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A person tapes a t-shirt to the front door of Soufi's, in Toronto, on Oct. 8, 2019.

Fred Lum/The Globe and Mail

Aisha J. Silim is a former journalist and graduate of the London School of Economics. She is also a founder of the Toronto-based network Foodies of Colour.

When they immigrated to Canada and opened up what would become a popular Syrian restaurant in Toronto, the Al-Soufi family became a quintessential Canadian success story.

In 2017, as debate continued to swirl about Syrian refugee resettlement, Husam and Shahnaz Al-Soufi launched Soufi’s, which served Syrian street food specialties. They employed refugees who literally wore their culture on their sleeves: Their signature yellow shirts were emblazoned with the motto “From Syria with Love.”

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For its efforts, the local community and even the New York Times held the restaurant up as a testament to Canada’s embrace of immigration and multiculturalism.

But that success abruptly unravelled this week: two years after opening, the family shut down the restaurant.

“As a result of numerous hate messages and death threats we’ve received over the past week, we’ve decided to permanently close our shop," its statement read. “Our decision is made with a heavy heart in [an] effort to maintain our family and staff’s safety.”

Those threats began after a widely shared video showed their son Alaa Al-Soufi protesting a People’s Party of Canada event in Hamilton, wearing a face mask as he stood among people shouting and blocking the path of an elderly woman and her husband trying to attend. The Al-Soufis issued an apology, and acknowledged that he should have handled it differently.

But that wasn’t the end of the matter. According to the family, people revealed their son’s identity online, published his personal information and sent them threats. He was physically assaulted in Toronto over the weekend, prompting the family to shutter the restaurant. It looked like their Canadian success story had come to an end.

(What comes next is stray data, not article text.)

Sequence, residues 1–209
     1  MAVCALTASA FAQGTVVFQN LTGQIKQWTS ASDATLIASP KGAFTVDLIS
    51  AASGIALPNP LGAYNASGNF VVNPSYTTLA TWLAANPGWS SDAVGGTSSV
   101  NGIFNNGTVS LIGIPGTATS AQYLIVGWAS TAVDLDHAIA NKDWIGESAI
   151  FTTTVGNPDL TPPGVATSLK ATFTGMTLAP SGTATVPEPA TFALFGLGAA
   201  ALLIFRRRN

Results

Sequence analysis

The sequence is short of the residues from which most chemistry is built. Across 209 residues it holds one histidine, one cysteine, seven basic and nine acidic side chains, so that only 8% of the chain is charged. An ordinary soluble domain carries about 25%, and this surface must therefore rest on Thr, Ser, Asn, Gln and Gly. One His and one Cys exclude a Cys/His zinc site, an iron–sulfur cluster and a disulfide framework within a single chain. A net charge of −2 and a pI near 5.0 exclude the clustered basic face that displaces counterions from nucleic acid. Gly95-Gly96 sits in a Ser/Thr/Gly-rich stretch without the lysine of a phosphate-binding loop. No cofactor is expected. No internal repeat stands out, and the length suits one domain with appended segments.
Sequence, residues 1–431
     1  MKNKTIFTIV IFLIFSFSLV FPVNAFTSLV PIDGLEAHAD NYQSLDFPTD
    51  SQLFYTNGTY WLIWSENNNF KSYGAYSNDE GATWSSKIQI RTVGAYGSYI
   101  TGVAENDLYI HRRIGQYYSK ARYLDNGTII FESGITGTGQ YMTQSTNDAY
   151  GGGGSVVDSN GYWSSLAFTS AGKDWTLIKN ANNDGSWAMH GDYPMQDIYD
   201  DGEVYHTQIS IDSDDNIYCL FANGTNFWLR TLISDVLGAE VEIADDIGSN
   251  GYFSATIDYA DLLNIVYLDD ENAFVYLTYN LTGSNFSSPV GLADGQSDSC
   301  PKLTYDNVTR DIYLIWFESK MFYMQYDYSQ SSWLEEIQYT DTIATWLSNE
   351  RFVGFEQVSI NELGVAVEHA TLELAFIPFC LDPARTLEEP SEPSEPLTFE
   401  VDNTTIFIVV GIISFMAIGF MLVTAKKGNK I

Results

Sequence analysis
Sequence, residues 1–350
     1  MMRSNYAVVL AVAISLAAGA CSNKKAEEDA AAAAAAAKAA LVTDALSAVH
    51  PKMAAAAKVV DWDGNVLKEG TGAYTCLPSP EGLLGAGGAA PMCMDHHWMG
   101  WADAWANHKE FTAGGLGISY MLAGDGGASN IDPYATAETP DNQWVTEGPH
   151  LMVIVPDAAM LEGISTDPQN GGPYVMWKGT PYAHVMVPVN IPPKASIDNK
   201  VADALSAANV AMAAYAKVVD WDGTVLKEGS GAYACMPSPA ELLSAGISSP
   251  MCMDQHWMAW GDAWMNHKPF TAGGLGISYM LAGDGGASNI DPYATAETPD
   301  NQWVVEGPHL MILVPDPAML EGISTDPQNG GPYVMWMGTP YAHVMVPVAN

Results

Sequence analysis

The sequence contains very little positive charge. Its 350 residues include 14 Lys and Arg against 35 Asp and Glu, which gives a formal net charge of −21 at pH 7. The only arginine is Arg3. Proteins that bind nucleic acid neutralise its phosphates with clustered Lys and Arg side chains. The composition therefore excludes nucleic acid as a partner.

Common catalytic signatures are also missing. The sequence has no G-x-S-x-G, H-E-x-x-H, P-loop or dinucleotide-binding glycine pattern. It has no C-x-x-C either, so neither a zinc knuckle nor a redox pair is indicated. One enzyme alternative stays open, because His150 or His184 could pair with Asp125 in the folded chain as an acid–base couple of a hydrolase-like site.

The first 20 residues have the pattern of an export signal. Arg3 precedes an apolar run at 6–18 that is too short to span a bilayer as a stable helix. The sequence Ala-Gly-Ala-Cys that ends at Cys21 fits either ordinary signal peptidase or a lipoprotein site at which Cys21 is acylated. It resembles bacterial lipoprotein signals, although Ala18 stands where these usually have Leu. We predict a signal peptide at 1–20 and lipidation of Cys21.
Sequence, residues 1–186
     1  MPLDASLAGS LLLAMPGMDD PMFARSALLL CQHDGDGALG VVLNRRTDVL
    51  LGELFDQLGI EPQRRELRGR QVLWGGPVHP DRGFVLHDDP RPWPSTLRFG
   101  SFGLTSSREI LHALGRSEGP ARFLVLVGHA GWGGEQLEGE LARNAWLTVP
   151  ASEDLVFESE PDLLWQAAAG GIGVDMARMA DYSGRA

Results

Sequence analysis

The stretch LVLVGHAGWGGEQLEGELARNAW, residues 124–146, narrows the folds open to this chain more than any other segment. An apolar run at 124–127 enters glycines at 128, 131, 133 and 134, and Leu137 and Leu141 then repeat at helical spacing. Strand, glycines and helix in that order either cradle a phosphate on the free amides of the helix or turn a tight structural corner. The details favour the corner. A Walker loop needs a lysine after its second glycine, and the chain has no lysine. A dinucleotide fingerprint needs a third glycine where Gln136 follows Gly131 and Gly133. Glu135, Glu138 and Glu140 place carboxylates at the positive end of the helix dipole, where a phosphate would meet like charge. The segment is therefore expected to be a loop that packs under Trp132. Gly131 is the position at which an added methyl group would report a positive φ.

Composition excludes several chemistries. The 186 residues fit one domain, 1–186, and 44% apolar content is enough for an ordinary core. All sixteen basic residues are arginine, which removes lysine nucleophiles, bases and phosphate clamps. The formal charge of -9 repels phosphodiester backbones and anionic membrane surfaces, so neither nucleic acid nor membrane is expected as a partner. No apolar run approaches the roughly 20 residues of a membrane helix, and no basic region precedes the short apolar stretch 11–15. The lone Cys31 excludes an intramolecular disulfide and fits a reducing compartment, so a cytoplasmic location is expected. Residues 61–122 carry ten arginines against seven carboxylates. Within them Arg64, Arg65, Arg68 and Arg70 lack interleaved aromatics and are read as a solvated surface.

I imagine the family watched with concern as racist bullying and rhetoric rose south of the border, never thinking that a movement that trafficked in anti-migrant sentiment would focus on Soufi’s as the target of their vitriol.

But we shouldn’t kid ourselves. Canada is not immune – and much like the spread of Trumpism, anti-migrant rhetoric and sentiment is on the rise in our political discourse.

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The seeds of this sentiment have always been present here. Just ask the Indigenous peoples of this land, the racialized people disproportionately incarcerated in our jails and the traumatized families of victims of 2017′s mosque shooting in Quebec City.

Here, as much as in the United States, rhetoric against refugees and immigrants is premised on the false belief that they are expensive drains on society, rather than productive citizens. They are burdened with the need to prove their humanity and economic worth in their host country.

The Al-Soufis didn’t just meet this unfair standard – they exceeded it. Through their family-run business, they contributed their history, culture and entrepreneurial spirit, while creating a space for Syrian refugees to make a living in their new country.

As a food journalist, I have seen immigrants use food as a safe harbour. Food is a language that bridges the gap between them and their host countries, and they open restaurants to showcase their culture in ways that reassure society that they are here to serve the community and be industrious in apolitical ways.

So what was the Al-Soufis’ cardinal sin, in the eyes of a racist and anti-migrant movement? Straying away from an ideology that says migrants should be eternally thankful to their host country. The Al-Soufis dared to try to live the full range of the Canadian experience, including freedom of dissent; they weren’t afforded this privilege.

This sense of expected gratitude is at the core of the disdain for migrants in the United States and Canada, especially refugees. “There were unspoken conditions to our acceptance, and that was the secret we were meant to glean on our own: we had to be grateful,” wrote Dina Nayeri in the Guardian, about her family’s experience fleeing Iran for asylum in Oklahoma and then London. “[The refugee] must stay in his place. That’s the only way gratitude will be accepted.”

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As much as we’d like to believe otherwise, these sentiments are as Canadian as our embrace of multiculturalism and diversity. The question is which one will win out – but the speed and strength by which this movement is spreading, as evinced by the hatred-fuelled collapse of Soufi’s, should alarm us.

What should give us some optimism is the outpouring of support for the family, from federal party leaders to Mohamad Fakih, a prominent Lebanese-Canadian restaurant owner who announced that his staff would assist in re-opening Soufi’s on Friday. Let’s hope this is the side that Canada lands on in this debate.

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